KEY POINTS

  • During Thursday’s session the stock reached an all-time intraday high of $2,021.99.
  • The stock has closed at all-time highs in four of the past five trading days
  • The company now has a market cap of $373 billion

Shares of electric automaker Tesla (TSLA) cracked the $2,000 level for the first time ever on Thursday ahead of an upcoming share split.

Tesla shares jumped 6.56% on Thursday to close at $ 2,001.83. During Thursday’s session, shares of Tesla reached an all-time intraday high of $2,021.99.

The stock has closed at all-time highs in four of the past five trading days.

Year-to-date, the stock has soared about 380% amid strong sales and earnings, as well as anticipation the company will soon be added to the S&P 500 index.

Since Aug. 11 — the day Tesla announced a five-for-one stock split — shares have soared by 45.6%. The stock will begin trading on the five-for-one split-adjusted basis on Aug. 31.

The company now has a market cap of $373 billion, surpassing retailing giant Walmart (WMT), which makes it larger than all but seven of the current members of the S&P 500. Tesla shares are also lofty in terms of forward earnings, trading at about 148 times expected earnings.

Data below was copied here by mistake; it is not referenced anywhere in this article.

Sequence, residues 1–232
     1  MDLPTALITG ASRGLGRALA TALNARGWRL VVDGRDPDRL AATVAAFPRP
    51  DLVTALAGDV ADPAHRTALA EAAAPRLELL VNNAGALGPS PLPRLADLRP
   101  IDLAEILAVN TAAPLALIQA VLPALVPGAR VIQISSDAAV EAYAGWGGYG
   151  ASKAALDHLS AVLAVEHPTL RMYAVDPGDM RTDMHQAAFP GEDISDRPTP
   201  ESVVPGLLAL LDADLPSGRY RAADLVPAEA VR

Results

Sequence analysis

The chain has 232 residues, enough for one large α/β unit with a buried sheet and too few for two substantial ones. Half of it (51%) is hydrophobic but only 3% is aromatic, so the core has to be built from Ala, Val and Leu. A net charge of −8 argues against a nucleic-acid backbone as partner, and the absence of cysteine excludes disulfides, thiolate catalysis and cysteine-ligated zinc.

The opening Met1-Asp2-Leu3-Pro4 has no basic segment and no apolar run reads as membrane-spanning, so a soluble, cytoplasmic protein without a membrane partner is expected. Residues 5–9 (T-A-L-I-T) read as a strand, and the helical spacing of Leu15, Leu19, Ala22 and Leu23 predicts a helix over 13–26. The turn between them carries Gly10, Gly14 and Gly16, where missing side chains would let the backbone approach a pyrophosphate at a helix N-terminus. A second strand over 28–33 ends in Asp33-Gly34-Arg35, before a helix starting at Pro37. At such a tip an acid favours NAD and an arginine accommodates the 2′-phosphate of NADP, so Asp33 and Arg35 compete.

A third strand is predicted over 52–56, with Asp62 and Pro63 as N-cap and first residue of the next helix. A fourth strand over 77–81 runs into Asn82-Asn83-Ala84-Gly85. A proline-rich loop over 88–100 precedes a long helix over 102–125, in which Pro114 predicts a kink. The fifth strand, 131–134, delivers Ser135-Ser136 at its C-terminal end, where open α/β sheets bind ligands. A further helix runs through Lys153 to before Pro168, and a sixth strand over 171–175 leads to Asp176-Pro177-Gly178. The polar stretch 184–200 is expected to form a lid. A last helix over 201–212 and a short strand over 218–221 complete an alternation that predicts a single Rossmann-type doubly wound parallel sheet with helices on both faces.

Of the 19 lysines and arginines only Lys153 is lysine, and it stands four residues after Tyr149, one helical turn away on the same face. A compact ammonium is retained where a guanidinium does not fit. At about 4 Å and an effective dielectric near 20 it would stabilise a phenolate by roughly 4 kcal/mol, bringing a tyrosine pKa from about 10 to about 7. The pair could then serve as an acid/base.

Ben Carlson, portfolio manager at Ritholtz Wealth Management, noted in a tweet that while Tesla has now surpassed Walmart in market capitalization, Walmart generates annual revenues of $523 billion, versus $25 billion for Tesla.

Morgan Stanley analyst Adam Jonas wrote in a note that Tesla’s market cap is “discounting far more than cars.” Jonas added that Tesla attracts more capital and talent as its valuation keeps spiking.

“Tesla’s performance is seen by some as breathing all the air in the room with respect to the outlook for competing electric vehicle initiatives, particularly amongst legacy players,” Jonas said.

Gary Black, a former Bernstein analyst and former chief executive of Aegon Asset Management and Janus Capital Group, now has a price target of $2,700 for Tesla, Barron’s reported.

“What’s next is anyone’s guess,” Barron’s wrote. “New all-time highs and 52-week highs can often be a positive sign for traders. They can mean a stock has broken through resistance levels when some traders take profits. One the other hand, Tesla is more than 40% above its 50-day moving average. The stock is overbought in Wall Street parlance. That can be a sign shares are due for a correction. A correction to a rising moving average would still leave shares up north of 250% year to date.”

Investors are also looking forward to Tesla’s so-called “Battery Day” on Sept. 22, where the company is expected to unveil new battery technology.

“Investors and analysts will want to hear about battery costs and durability,” Barron’s added. “A battery that can last one million miles would be a win and costs that fall below $100 per kilowatt-hour would be another win.”